Like many of you, I get my fair share of spam. While most of the spam we think about is of the email variety, our social networks are becoming increasingly more crowded with useless requests and messages and pleas to connect. My fear is that we are doing to social what we have done to email.
I believe that social networking has been an enormous boon for the sales profession. Another way to learn about and engage with prospects and industry leaders? Yep, I do not think any sales professional would turn down that opportunity. But as with any novel platform, it attracts both the good and the bad, and of late, LinkedIn and Twitter has been experiencing much more of the latter.
What do I mean by bad social networking usage? Here are a few examples I received just this week:
- Sending a generic connection request, especially if we have never met or spoken to each other
- Sending a connection request where you pitch me from the very first sentence
- Sending an InMail that is also nothing but a long winded pitch
- Sending a connection request from a blatantly fake LinkedIn profile
- Tweet replies out of context and pushing their agenda
- Auto DM’s on Twitter that are nothing but a link to some download
Enough people tolerate these behaviors that it gives some modicum of hope to the sales and marketing spammers. The growing volume of these activities however is starting to have an effect. Even legitimate requests are getting ignored and some people I know have a backlog of hundreds of these requests totally unanswered and unopened.
My plea to you is to not be the person that adds to the noise and spam. How to do that? I have three thoughts that will help get your social selling approach on the right track.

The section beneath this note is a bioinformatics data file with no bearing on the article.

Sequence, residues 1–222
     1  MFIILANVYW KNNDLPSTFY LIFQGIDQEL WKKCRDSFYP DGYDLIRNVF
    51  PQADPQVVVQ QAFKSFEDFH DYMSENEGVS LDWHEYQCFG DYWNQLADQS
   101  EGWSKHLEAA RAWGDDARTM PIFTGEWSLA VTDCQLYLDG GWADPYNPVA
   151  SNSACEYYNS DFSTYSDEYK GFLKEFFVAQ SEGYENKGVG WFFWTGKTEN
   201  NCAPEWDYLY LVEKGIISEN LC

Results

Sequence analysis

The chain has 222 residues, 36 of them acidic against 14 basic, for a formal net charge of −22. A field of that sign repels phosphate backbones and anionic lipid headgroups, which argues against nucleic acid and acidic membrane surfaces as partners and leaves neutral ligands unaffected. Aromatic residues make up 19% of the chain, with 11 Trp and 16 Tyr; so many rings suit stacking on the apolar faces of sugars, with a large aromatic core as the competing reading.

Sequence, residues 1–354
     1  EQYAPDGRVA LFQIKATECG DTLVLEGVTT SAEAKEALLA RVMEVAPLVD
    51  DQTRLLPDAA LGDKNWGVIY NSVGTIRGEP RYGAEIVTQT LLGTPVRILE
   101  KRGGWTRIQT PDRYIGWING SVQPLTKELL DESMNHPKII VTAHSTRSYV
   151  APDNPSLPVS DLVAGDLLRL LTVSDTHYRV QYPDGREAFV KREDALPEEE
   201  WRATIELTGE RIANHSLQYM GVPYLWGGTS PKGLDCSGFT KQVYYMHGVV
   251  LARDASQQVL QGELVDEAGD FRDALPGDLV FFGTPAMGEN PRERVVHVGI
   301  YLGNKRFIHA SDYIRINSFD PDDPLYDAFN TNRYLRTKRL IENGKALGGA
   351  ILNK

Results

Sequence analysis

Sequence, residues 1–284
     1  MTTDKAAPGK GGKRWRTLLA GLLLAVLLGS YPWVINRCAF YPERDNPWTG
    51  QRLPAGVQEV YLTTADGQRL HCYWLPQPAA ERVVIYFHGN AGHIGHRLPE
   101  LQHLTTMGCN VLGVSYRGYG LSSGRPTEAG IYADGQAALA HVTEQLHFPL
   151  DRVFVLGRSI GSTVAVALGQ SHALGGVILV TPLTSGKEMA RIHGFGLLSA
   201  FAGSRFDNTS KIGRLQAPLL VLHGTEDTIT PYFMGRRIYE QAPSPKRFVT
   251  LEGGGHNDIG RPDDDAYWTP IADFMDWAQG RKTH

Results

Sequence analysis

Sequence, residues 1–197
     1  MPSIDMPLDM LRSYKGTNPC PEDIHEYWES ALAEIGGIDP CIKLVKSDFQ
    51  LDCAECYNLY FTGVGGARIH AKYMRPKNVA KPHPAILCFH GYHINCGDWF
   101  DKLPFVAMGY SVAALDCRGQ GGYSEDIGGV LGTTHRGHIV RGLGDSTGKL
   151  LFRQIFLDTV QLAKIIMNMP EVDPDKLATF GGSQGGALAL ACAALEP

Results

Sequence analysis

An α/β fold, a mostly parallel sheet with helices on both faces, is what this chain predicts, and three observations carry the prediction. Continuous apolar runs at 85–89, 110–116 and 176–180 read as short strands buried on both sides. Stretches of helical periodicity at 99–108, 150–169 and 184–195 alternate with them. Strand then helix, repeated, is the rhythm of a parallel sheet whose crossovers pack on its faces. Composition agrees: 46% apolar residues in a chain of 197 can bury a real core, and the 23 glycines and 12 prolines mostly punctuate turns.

You need to focus on the person you want to connect with, not on what you want to pitch. You have to be able to answer the “what’s in it for me” question from the perspective of the person you wish to engage and connect with. Another way of thinking about this is to answer the question of “why you want to connect”. If your first thought is you want to sell them something, you got your prioritization wrong because before you can sell anything, you got to build a connection which leads to my next point.
You need to express a genuine interest in the people you wish to engage and understand what they care about. You can get a sense of that in a number of ways such as reading an article they wrote or tweets they shared or updates they posted on LinkedIn. Then you can share something of interest or value with that person like an interesting article or quote. You are creating a sense of reciprocity in the process by taking interest in their thoughts and content and responding in kind.
You need to switch your approach from buyer / seller to teacher / student. You have no idea what needs a person may have, so it is better to engage from the perspective of needing help and asking someone more knowledgeable for advice and guidance. People have more of an inclination to help others once they are engaged in a conversation and feel the request is genuine. Do not pummel people with questions, but ask one or two thoughtful questions that at least shows you have done your homework.
The point is that effective social selling is the polar opposite of the hard sell. If you agree that the pushy sales tactics that make us cringe are ineffective in face-to-face interactions, then the same holds true for your online activities. You need to build trust and credibility, and not abuse either with being pushy or going in for the close. That just does not work in this day and age. because there is too much noise and too much information available to buyers. Instead, be hyper focused on what the person you wish to connect with truly cares about. That is going to go a long way in establishing credibility and opening up opportunities down the road to discuss whatever it is you sell. You are playing the long game here and building rapport, not trying to score quick hits.
That is the core to social selling and what makes you successful in sales in the long run. If you take nothing else from this post though, at the very least tape this mantra to your computer screen:
“Be authentic, care about people, avoid business speak, add value in every conversation.”
Image credit: CC by Chris Potter